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Google Adds More BYOD Management Features for Android Devices to Google Apps

Google adding new Android device “bring your own device” (BYOD) management features based on top requests from customers.

In additon, the Admin console has also been updated. “This update adds a new device setting for automatically enrolled devices to be placed in the enrolling user’s organizational unit,” informs Google.

“Comprehensive mobile device management is included with Google Apps for Business, Government and Education–that lets organizations manage Android and iOS smartphones and tablets right from the Google Apps Admin console,” “with no need for special hardware or software.”

As an admin, your role in a BYOD environment is to make sure users keep their mobile devices secure. Android users can stay connected on the go with mobile apps like Gmail, Drive and Hangouts. Admins can manage their domain with the new mobile Admin app. And “admins can let employees bring their own devices to work while keeping those devices secure and saving their employees time with Google Apps device management,” google added.

You start managing devices right away by visiting your Admin console at admin.google.com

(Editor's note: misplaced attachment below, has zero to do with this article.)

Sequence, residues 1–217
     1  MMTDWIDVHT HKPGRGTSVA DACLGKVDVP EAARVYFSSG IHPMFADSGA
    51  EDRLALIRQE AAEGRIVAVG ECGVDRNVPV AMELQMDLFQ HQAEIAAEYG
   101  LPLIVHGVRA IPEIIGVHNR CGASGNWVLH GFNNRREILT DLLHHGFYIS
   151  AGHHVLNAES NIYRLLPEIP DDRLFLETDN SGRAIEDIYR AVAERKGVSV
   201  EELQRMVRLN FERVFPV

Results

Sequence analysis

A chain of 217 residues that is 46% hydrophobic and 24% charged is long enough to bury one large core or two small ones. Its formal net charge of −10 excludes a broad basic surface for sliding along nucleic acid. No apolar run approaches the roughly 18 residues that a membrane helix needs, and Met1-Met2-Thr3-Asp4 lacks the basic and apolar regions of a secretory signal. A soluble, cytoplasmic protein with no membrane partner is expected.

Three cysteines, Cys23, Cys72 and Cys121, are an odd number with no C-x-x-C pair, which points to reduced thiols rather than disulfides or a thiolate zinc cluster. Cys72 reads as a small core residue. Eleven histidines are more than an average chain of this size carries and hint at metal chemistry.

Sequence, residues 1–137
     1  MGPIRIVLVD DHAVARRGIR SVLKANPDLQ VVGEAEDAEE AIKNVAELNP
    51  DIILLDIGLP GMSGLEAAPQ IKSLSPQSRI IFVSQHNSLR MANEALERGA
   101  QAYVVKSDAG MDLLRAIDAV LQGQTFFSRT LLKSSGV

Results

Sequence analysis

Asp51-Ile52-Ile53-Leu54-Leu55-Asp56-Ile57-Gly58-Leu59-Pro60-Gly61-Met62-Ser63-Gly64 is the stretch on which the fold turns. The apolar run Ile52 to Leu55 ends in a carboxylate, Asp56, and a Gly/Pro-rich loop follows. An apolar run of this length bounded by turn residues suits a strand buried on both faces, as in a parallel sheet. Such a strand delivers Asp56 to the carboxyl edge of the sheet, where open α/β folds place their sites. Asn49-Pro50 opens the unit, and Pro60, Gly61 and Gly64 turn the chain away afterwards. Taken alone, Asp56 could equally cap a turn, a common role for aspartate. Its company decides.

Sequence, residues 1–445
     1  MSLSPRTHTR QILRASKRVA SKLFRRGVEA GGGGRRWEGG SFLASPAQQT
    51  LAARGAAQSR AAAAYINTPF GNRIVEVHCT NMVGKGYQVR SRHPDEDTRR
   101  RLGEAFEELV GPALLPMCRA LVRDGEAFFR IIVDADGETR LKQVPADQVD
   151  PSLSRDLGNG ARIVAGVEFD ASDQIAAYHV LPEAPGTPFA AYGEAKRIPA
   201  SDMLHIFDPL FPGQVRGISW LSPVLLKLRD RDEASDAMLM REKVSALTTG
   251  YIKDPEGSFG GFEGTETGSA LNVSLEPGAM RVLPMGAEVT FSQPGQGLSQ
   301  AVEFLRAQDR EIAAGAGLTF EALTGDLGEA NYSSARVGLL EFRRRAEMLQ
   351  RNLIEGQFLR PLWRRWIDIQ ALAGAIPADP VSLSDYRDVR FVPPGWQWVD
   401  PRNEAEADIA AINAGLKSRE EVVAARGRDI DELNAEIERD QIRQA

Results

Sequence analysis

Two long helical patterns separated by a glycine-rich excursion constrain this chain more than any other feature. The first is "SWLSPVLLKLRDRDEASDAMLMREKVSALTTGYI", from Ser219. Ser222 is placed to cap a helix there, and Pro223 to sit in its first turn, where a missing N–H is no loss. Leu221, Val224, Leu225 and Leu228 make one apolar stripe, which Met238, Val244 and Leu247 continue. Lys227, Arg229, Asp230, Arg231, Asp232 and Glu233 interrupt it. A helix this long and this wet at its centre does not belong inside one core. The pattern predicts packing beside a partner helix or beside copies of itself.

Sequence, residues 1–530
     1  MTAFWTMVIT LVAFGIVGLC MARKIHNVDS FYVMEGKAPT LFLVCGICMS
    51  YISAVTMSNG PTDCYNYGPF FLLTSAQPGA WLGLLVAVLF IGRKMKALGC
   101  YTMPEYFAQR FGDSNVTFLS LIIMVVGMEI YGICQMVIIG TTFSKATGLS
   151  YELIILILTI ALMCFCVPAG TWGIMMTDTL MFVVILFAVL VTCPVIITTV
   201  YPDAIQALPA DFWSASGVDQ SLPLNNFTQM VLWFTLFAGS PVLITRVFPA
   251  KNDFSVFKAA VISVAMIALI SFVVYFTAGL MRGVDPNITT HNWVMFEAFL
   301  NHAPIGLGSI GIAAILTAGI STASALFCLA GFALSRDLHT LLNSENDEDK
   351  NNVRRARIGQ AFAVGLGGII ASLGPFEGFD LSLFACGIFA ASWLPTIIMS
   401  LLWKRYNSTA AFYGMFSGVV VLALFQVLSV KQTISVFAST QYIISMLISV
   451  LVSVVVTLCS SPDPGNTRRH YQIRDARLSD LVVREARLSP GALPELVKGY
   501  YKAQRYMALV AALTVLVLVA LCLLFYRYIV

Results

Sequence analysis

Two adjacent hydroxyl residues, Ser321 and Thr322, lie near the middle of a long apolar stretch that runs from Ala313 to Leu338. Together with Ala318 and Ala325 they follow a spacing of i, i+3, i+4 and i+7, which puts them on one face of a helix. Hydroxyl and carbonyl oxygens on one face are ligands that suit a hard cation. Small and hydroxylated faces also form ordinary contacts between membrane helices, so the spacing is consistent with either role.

The BYOD features added today include:

  • Selective wipe helps you remove Google Apps account data without wiping a user’s entire device.
  • With SD card wipe during a full device wipe, you can wipe SD cards in addition to the internal memory.
  • Device Policy app ensure that security policies are enforced across all devices by requiring the latest version of the Device Policy app.
  • Wi-Fi configuration settings in the Admin console, once set up will be automatically pushed out to all managed Android devices, explains google.

Here are some tips to securing your WiFi network–look at your WiFi settings. Your network will likely either be unsecured, or secured with WEP, WPA or WPA2.

  • Just change your network security settings to WPA2, as it is much safer and can be much faster.
  • Create a strong password for your WiFi network with WPA2, with a long mix of numbers, letters and symbols.
  • Secure your router too, with its own password, separate from the password you use to secure your network, so nobody can change your settings.

For more instructions, look up your router’s manual, or check out the video below to learn more about the simple but important steps you can take to improve the security of your Internet browsing:

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